Fire may not be the most common reason for home insurance claims, but it’s certainly perhaps the most frightening, damaging and costly when it occurs.
Even though fire is an unlikely event, the potential for damage to property and life means that taking precautions is not just a good idea, it’s utterly vital for any home owner, perhaps especially for those with children.
Prepare for the worst
Measures which you can take to reduce the chances of your home going up in smoke are often quite simple. But even if they mean considerable additional cost it’s well worth it; statistics show that you’re more than twice as likely to die in a house fire if the house doesn’t have smoke alarms fitted, for example.
Here a number of tips to help you reduce the risk of fire occurring in your home:
Smoking – Don’t fall asleep on the sofa, or in bed (or anywhere really!) with a cigarette still burning. It seems obvious, but this is a very common cause of fires.
Candles – Use secure candle holders and never leave candles lit before going to bed or leaving a room for a prolonged period.
Electric blankets – If you use an electric blanket, don’t leave the house with it switched on keeping the bed warm for later, or if you’re actually in bed.
Using lighter fuel – Never pour lighter fuel, or other flammable substances, on a lit fire. Flames could jump back to the container and explode the contents.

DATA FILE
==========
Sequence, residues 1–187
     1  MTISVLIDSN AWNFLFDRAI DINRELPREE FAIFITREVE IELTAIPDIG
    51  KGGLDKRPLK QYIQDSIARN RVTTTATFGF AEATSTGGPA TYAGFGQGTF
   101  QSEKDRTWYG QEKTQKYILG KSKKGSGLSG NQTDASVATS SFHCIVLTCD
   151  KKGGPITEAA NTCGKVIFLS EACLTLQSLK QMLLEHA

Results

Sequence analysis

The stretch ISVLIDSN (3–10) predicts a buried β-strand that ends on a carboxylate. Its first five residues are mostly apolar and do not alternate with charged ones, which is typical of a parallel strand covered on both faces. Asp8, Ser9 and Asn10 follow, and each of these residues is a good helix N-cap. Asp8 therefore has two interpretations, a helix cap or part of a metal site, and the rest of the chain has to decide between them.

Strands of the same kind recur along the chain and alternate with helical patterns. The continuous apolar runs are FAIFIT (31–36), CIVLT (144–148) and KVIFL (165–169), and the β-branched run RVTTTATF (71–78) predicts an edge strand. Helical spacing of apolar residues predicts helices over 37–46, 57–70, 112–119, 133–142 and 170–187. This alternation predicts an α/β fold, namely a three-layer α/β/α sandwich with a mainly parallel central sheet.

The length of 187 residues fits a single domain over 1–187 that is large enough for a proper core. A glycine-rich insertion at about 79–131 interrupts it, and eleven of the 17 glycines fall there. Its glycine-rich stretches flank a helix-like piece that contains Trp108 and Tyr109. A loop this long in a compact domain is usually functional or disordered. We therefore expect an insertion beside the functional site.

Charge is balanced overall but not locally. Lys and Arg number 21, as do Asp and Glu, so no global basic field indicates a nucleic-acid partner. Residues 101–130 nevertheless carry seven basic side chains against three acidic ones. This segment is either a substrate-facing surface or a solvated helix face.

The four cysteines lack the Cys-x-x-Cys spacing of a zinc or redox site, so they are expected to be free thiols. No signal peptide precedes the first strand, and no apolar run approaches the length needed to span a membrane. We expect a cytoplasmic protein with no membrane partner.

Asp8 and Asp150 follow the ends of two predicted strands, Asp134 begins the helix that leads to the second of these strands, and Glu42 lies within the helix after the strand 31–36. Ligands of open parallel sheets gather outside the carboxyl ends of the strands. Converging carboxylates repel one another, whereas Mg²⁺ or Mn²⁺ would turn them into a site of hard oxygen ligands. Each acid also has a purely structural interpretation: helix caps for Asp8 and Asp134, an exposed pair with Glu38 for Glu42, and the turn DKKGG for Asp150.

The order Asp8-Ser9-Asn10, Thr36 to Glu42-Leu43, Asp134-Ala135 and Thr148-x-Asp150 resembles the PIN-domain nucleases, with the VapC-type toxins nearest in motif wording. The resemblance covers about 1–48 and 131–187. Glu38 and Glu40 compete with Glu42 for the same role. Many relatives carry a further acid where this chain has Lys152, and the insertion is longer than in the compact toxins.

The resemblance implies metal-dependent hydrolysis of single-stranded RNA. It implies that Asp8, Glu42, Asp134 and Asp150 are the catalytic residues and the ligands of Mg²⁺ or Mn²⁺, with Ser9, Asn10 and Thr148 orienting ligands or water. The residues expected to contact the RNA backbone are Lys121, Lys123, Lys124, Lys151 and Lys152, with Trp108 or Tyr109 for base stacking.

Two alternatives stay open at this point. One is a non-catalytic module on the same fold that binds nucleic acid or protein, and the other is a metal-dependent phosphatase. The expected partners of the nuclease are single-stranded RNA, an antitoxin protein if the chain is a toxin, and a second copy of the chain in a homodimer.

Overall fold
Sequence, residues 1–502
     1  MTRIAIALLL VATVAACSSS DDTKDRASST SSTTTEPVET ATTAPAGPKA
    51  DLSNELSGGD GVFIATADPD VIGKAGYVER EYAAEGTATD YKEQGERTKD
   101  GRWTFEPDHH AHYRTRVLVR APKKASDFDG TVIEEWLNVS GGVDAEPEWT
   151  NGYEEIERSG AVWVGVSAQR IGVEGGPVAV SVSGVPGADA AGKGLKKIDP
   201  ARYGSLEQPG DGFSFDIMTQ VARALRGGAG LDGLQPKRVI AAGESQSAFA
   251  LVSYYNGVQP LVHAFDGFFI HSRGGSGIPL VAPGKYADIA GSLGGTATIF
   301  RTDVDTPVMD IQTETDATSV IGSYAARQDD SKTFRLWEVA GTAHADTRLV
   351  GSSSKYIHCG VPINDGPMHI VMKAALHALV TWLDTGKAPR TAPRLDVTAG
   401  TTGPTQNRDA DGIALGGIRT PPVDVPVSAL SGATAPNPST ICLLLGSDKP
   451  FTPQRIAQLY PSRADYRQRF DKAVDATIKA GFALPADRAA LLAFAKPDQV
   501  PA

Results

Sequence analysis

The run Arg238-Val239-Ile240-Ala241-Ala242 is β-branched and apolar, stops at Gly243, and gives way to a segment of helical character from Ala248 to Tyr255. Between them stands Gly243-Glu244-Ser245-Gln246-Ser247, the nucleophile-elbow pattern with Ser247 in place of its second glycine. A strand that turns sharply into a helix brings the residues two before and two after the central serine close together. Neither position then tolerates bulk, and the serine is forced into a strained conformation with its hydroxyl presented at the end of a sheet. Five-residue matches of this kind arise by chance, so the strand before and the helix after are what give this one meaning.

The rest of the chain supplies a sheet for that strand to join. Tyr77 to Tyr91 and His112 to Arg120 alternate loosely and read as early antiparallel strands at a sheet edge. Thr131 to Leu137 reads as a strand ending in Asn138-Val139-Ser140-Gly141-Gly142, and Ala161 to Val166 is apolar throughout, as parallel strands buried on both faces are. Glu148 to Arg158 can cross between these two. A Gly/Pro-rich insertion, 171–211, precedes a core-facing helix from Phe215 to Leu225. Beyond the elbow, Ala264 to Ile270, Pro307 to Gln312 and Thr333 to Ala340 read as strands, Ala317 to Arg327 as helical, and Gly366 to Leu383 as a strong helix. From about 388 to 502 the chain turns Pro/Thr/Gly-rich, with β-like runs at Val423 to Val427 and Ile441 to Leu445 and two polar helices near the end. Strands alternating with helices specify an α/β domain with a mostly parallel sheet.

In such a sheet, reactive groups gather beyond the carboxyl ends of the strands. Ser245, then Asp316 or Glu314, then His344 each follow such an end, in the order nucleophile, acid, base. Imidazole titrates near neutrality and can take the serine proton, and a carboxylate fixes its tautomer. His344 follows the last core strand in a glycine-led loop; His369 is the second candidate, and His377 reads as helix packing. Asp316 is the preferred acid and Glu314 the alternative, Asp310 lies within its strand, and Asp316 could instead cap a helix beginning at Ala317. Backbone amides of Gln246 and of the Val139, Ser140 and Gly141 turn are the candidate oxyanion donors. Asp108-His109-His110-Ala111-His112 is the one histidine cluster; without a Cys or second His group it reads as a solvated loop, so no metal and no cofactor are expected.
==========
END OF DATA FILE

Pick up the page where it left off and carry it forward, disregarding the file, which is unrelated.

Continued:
Fireworks – If you’re setting off fireworks in the garden for a celebration, keep them well away from your house.
Fire guards – If you have an open fireplace in your home, make sure you place a fire guard in front of it when you light fires, especially if you leave the room.
In the kitchen
As the kitchen is by far the most common cause of fire in homes, take a great deal of care when cooking!
Hot oil – Don’t overheat oil when using it for frying, or cooking of any sort in fact.
Gas on/off – Always check gas knobs are turned to ‘off’ after use.
Clothing – Don’t wear loose clothing when cooking on a hob.
Children – Never leave children unattended in a kitchen.
Matches/lighters – Keep matches and gas lighters well out of reach of youngsters and away from open flames.
Microwaves – If you use a microwave, never put metal objects in it.
Kitchen electrical appliances – If toasters, kettles, sandwich makers, dishwashers etc. seem in any way faulty, have them checked out.
A home’s electrics
Electrical systems – Have your fuse box and electrics checked annually by a registered electrician
Cables and wires – Check for wear and tear and replace any damaged cables and wires.
Sockets – Don’t plug too many appliances into one socket, or have more than one extension lead coming from a socket.
Fuses – Don’t use the wrong-sized fuses in electrical items. Always follow the manufacturer’s instructions.
Tumble dryers – Ensure tumble dryers are clean of fluff and don’t leave them on when you’re out.
Check for the British kitemark – If you have smoke alarms, make sure they’re British Standard (the industry measure of quality).
Testing – Test your alarms regularly and change batteries that are running out and fix any alarms that aren’t working.
Place on all floors – Fit smoke alarms on all floors, not just in lofts or upstairs bedrooms.
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James is a journalist and digital editor with over 13 years’ experience writing and editing for media and finance businesses. He specialises in personal finance and economics, but also covers property, travel and news.